While federal law requires that health insurance covers most mental health treatments and services, they can still be prohibitively expensive. And even if you can afford therapy, wait lists can sometimes span months. Cost and care availability play big roles in whether a person chooses to seek treatment. Unfortunately, it’s often the case that the people who need it the most experience the largest number of barriers. To combat this, teletherapy and telepsychiatry have become popular alternatives to in-person sessions.

Telepsychiatry has been around since 1959 when the Nebraska Psychiatric Institute used videoconferencing to provide group therapy, long-term therapy, and even medical school training. The advent of new technologies, such as personal computers, tablets, and smartphones, has propelled telepsychiatry into the modern age. The most important catalyst for telepsychiatry’s popularity, however, was the COVID-19 pandemic. Depression rates increased by 25% worldwide. With lockdowns preventing people from leaving their homes, they turned to online therapy for relief.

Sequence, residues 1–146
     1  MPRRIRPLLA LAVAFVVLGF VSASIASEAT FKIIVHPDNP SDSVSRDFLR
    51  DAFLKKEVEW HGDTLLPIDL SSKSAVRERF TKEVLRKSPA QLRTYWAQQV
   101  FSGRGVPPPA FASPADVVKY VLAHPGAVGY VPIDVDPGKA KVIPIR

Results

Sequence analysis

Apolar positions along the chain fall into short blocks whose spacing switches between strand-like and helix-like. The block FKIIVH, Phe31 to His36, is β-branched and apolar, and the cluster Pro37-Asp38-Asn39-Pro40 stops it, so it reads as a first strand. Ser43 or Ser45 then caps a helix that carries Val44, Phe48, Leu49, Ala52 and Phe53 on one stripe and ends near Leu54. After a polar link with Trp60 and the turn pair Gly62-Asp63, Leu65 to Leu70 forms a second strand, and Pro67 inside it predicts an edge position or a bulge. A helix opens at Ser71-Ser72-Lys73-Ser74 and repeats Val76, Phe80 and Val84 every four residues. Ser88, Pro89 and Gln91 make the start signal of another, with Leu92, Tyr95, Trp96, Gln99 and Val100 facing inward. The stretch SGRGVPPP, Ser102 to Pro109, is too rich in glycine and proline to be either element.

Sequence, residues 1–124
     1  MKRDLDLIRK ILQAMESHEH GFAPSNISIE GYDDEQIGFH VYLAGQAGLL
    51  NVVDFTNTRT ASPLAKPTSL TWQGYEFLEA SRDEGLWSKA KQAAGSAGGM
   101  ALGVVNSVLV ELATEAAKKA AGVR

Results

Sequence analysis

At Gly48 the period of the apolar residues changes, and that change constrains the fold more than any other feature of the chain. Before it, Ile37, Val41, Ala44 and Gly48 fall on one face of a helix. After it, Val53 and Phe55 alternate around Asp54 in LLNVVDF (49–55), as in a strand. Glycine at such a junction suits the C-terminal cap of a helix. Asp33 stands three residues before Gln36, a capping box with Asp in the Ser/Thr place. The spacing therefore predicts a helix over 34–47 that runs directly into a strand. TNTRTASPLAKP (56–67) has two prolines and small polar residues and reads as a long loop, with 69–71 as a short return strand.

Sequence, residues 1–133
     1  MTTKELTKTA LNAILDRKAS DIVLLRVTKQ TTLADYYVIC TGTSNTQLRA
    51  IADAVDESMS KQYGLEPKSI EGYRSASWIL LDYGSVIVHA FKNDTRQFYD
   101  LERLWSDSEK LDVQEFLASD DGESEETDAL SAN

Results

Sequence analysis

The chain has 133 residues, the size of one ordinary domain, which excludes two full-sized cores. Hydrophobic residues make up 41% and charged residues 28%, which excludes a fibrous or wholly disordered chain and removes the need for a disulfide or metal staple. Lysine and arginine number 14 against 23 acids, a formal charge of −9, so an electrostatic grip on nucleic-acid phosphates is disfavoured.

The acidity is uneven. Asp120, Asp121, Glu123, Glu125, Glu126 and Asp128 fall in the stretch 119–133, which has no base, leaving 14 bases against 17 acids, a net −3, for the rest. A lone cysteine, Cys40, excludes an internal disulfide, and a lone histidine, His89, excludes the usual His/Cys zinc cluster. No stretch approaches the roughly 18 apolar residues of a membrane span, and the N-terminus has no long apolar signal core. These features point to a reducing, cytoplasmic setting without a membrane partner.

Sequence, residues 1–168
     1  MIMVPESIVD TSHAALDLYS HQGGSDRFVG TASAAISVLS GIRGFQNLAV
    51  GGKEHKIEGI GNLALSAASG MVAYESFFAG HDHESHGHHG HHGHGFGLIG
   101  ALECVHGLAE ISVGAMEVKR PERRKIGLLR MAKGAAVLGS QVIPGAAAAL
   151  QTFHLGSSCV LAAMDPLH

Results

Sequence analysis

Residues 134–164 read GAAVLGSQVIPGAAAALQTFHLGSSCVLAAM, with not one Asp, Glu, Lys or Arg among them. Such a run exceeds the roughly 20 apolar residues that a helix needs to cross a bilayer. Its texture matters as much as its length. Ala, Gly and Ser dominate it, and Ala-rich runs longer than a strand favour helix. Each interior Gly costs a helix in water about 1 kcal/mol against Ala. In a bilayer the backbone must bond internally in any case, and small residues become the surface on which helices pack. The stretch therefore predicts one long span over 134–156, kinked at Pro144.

Today, there are many websites offering therapy at a variety of different costs, and some even provide financial assistance. However, it can be challenging to determine which one is right for you. We’ve put together a guide to help you find the best online therapy, with independent resources for marginalized communities like BIPOC and LGBTQ+ populations. No matter who you are or what your situation looks like, therapists are always ready to help you heal.



Innerbody uses only high-quality sources, including peer-reviewed studies, to support the facts within our articles. Read our editorial process to learn more about how we fact-check and keep our content accurate, reliable, and trustworthy.